I think the absolute KEY here is to make the man who really put them to sleep be the bad guy.  HE'S the one they should be against, not some random enemies who stumble across them while they slept (after all, the man putting them to sleep is a CRITICAL part of the plot....the DM did it, unilaterally, and it needs to have a reason....a big, important reason...you don't just "DO" something to the players for no reason).  If they wake up early, they can be hot on his trail, perhaps he wouldn't even realize they're after him yet, giving them an advantage.  "Normal" success can have the game proceed in a way that makes sense given the party's abilities and that of their enemies.  "Failure" would see them several steps behind the antagonist and struggling to clean up the aftermath of the messes he's caused/left behind.         


I think the absolute KEY here is to make the man who really put them to sleep be the bad guy.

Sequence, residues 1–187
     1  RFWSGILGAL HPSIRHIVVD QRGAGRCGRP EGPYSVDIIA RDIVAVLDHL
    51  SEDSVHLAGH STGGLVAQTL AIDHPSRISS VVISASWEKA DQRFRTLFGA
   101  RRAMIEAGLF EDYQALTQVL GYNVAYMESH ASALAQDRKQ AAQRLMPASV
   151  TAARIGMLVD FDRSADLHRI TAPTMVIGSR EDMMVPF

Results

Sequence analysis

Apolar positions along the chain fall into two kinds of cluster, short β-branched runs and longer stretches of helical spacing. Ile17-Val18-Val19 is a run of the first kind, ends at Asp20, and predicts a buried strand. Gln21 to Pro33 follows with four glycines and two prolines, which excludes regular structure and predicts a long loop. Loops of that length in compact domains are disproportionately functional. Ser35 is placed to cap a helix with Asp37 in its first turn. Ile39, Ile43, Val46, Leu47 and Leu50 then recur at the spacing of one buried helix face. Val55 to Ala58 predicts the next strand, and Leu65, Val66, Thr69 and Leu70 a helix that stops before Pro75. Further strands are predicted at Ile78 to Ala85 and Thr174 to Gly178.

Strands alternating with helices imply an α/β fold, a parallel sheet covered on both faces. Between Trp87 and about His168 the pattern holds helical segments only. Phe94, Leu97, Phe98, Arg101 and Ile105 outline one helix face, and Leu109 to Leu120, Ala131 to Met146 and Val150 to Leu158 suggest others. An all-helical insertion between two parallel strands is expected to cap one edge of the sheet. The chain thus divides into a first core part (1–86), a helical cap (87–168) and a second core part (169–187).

What he said. Then the whole challenge has a purpose (beyond just being cool and giving the players a trippy experience). The purpose of the challenge becomes setting up antagonism with a key enemy, whom the players will now hate because he deceived them all.

  1. Up until this point, I’d like to drop subtle hints that they might be dreaming, so that they aren't completely blindsided by this scenario, but I’m not sure how to do this effectively.


Any input or ideas would be much appreciated.





Hints are my forte. ;)

What you could do for hints is have "glitches": Something that seems slightly unrealistic or just plain wrong. I used a "trapped in a dream" stlye quest where a party was at a fair last night. They sleep and wake up to no fair the next day. That's strange that they clear out in under a night ("slightly unrealistic"), but some players will just dismiss it as a "speedy getaway" to the next quest. They got to the next town, and finally figured it out when an excited townie mentioned the fair coming tonight in the next city over ("just plain wrong"). They still don't know it's a dream, but they know they left reality somewhere along the way.